Police in Nevada have identified the two shooters -- responsible for the deadly weekend killings of three people, including two police officers -- as a husband and wife named Amanda Miller and Jerad Miller.
"We believe that it was a random act," Las Vegas Metropolitan Police Assistant Sheriff Kevin McMahill said at a Monday press conference.
"[We have] no doubt the suspects [had] some apparent ideology along the lines of militia and white supremacists," McMahill added. "We believe that they equated government ... with Nazis."
According to McMahill, Jerad Miller, 31, and his wife Amanda Miller, 22, shot and killed Las Vegas police officers Alyn Beck and Igor Soldo, and a civilian identified as Robert Wilcox, during their shooting spree.
Beck, 41, was a married father of three who had been with the department since 2001. Soldo, 31, had been with the department since 2006. He is survived by a wife and baby, police said. Wilcox was a resident of Las Vegas.
In addition to identifying the suspects, McMahill released new details about the shootings, which began late Sunday morning while Beck and Soldo were having lunch at CiCi's Pizza restaurant.
"Jerad Miller pulled a handgun out and shot officer Soldo one time in the back of the head," McMahill said. "Officer Beck immediately began to react ... [but] was shot once in the throat area. Amanda Miller [then] removed a handgun from her purse and both Jerad and Amanda fired multiple shots into officer Beck."
After shooting the officers, police say the suspects pulled the men out of the booth and laid them on the floor. They then placed a flag – a yellow banner with a coiled snake above the words, "Don't tread on Me" – on top of Beck, along with a swastika. On Soldo, the two placed a note, police said, that read, "This is the start of the revolution."
After the shooting, police say the couple took the officers' handguns and ammunition and fled across the street to a nearby Walmart. There, police say, Jerad Miller fired off one round and told everyone to get out of the store. At some point he allegedly yelled, "This is a revolution."
According to police, Walmart shopper Robert Wilcox, 31, was carrying a concealed weapon and confronted Jerad Miller. Wilcox was apparently unaware of Amanda Miller and when he walked by her to confront her husband, she shot him in the rib area.
A shootout with pursuing officers ensued, during which Amanda Miller "took her handgun and fired several rounds into Jerad," McMahill said. "At that point Amanda took her handgun and ended her life with one gunshot to the head."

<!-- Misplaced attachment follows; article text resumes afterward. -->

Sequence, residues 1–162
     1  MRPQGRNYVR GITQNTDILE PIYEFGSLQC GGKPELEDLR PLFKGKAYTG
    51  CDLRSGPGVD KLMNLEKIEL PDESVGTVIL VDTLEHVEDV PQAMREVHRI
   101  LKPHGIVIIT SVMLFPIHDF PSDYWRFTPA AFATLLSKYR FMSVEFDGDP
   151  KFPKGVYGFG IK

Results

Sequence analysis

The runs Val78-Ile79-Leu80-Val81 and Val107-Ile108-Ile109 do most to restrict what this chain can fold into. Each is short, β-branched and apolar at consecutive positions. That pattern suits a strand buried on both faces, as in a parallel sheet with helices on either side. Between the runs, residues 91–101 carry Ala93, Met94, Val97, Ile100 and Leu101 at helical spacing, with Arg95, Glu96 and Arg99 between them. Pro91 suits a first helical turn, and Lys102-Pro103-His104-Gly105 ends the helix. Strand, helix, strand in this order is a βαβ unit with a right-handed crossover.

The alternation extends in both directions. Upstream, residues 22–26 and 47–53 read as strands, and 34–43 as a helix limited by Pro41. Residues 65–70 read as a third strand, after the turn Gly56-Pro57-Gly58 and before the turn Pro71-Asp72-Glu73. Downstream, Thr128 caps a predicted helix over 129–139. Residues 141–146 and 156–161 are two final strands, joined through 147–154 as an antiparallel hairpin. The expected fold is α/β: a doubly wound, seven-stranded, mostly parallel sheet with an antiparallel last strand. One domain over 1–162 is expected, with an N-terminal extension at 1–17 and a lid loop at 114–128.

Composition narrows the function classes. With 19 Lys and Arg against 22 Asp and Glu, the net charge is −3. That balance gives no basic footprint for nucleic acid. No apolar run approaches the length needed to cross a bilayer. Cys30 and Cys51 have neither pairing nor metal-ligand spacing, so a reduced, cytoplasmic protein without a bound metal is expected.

McMahill said Jerad Miller had a criminal background and was a convicted felon. He did not elaborate on specific charges.
The Lafayette Journal & Courier reports Jerad Miller's criminal record dates back to 2007 and includes arrests for drugs, criminal recklessness, misdemeanor battery and violating jail records. The disposition of those cases remains unclear.
McMahill also said Jerad Miller was recently at Cliven Bundy's Bunkerville ranch, during the rancher's recent dispute with federal authorities over grazing cattle on public land. A television interview posted on YouTube in April shows Jerad Miller talking about the standoff with Reno's KRNV‑TV.
"He was kicked out of the Bundy ranch because of his criminal history and background," said McMahill.
The Las Vegas Sun on Monday interviewed residents at the Las Vegas apartment complex where Jerad and Amanda Miller reportedly lived together. According to the couple's neighbors, they were street performers and had a reputation for spouting racist and anti-government views.
Neighbor Brandon Moore told the Las Vegas Sun that the couple boasted they planned to commit a mass shooting.
"They were handing out white-power propaganda and were talking about doing the next Columbine," Moore told the newspaper.
It remains unclear whether Moore or any of the other neighbors alerted authorities of the couple's alleged statements.
According to a Facebook page attributed to Jerad Miller, he was a graduate of Kennewick High School, in Kennewick, Washington. The profile indicates he married his wife on Sept. 22, 2012. The last publicly viewable status update was made to the profile on June 7, the day before the shootings. It reads:
"The dawn of a new day. May all of our coming sacrifices be worth it."
Another, posted two days earlier read, "The police have never attacked a pro gun rally. They have no problem attacking a peace rally. Attacking armed people has consequences."
There is also a YouTube page attributed to Jerad Miller. It contains videos of animals and a short series of videos entitled "I love u baby," in which Jerad Miller is crying in front of a webcam.
"I wish they could understand and see the things that we see," the poster said in the YouTube video.
According to McMahill, authorities are still trying to determine a motive in Sunday's shooting spree.
"It's a very complex investigation," he said.
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